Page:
Applying for access
To assist people applying for access to health records we have produced an application form which can be downloaded by clicking here.
All requests need to be posted to Access to Health Records Team, Medical Records Department, Harrogate District Hospital, Lancaster Park Road, Harrogate, North Yorkshire, HG2 7SX or emailed to email@example.com.
Once we have received your completed application form, along with the appropriate additional information, the records are reviewed for information outlined under the heading below ‘Can Access be Denied?’ This element of the process can take some time and we will keep you updated.
Where the request is excessive there may be an administrative charge. There is also an administrative charge if you require further copies of information we have already provided. We will inform you once we receive your request of any charges.
Deceased patient’s health records
A Personal Representative or anyone who may have a claim resulting from the death can apply for copies of health records.
A ‘Personal Representative’ is the Executor or Administrator of the deceased patient’s estate; not simply a family member of the deceased patient. If the patient did not leave a Will or Grant of Probate has not been provided the patient’s next of kin can usually apply for a Grant of Letter of Administration in order to be the Administrator of the estate.
If you believe you may have a potential claim resulting from the death of a patient then you need to provide a letter from a Solicitor or Insurance Company outlining the potential claim and what information is required.
Children’s health records (under the age of 16)
As a general rule a person with parental responsibility will have the right to apply for access to a child’s health record. However, in exercising this right a healthcare professional should give careful consideration to the duty of confidentiality owed to the child before copies of records are provided.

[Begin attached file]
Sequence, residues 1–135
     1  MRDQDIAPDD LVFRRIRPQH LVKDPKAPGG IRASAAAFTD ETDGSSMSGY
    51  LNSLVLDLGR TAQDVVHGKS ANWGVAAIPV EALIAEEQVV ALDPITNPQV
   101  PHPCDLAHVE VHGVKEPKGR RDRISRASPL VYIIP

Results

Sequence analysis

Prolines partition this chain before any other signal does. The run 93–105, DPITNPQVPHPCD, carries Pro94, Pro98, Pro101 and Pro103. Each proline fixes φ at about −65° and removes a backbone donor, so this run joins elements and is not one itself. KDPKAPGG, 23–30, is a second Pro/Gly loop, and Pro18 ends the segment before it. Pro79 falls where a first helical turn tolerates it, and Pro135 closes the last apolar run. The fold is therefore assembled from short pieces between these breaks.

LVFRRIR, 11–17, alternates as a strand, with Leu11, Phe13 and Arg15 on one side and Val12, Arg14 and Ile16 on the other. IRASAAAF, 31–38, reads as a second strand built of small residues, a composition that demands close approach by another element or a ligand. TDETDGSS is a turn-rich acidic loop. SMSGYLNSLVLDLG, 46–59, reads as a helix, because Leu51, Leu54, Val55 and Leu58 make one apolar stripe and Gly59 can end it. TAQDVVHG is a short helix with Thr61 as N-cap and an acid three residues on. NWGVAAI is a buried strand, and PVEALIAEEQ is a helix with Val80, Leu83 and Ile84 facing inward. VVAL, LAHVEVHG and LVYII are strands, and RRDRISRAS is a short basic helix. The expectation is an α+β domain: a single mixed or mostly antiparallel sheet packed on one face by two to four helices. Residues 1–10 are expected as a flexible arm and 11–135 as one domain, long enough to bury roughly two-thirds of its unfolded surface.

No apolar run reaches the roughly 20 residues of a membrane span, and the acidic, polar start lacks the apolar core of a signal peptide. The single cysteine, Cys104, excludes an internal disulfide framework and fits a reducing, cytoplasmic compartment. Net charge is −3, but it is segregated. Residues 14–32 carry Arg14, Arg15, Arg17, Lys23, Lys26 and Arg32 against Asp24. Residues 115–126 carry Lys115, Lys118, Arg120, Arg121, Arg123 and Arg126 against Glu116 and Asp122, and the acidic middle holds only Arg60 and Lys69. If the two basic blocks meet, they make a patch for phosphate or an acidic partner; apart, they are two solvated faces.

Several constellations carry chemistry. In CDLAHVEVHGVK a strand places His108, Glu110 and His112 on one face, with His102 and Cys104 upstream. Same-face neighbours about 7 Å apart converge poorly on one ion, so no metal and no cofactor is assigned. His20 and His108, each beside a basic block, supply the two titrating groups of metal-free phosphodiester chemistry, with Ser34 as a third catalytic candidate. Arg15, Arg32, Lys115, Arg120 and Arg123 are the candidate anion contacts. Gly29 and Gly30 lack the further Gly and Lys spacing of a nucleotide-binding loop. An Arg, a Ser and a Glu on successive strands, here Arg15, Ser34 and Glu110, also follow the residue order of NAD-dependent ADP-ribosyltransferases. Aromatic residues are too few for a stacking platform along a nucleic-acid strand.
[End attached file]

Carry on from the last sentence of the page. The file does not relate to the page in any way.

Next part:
Can access be denied?
The Trust to limit or deny access to an individual’s health record where:
- The information may cause serious harm to the physical or mental health or condition of the patient, or any other person, or
- Access would disclose information relating to or provided by a third person who has not consented to that disclosure unless:
- The third party is a healthcare professional who has compiled or contributed to the health records or who has been involved in the care of the patient
- The third party, who is not a health professional, gives their consent to the disclosure of that information.
- It is reasonable to disclose without that third party’s consent
Those with right of access are entitled to see all records made after 1 November 1991 unless:
- In the opinion of the Trust, such disclosure would cause serious harm to the physical or mental health of the applicant or any other individual; or
- The patient had specifically requested (prior to death) that the information is not disclosed to the applicant.
Records made before 1 November 1991 may be made available on a discretionary basis if these are considered by the Trust to be necessary for the applicant’s understanding of the part of the record to which access is being given.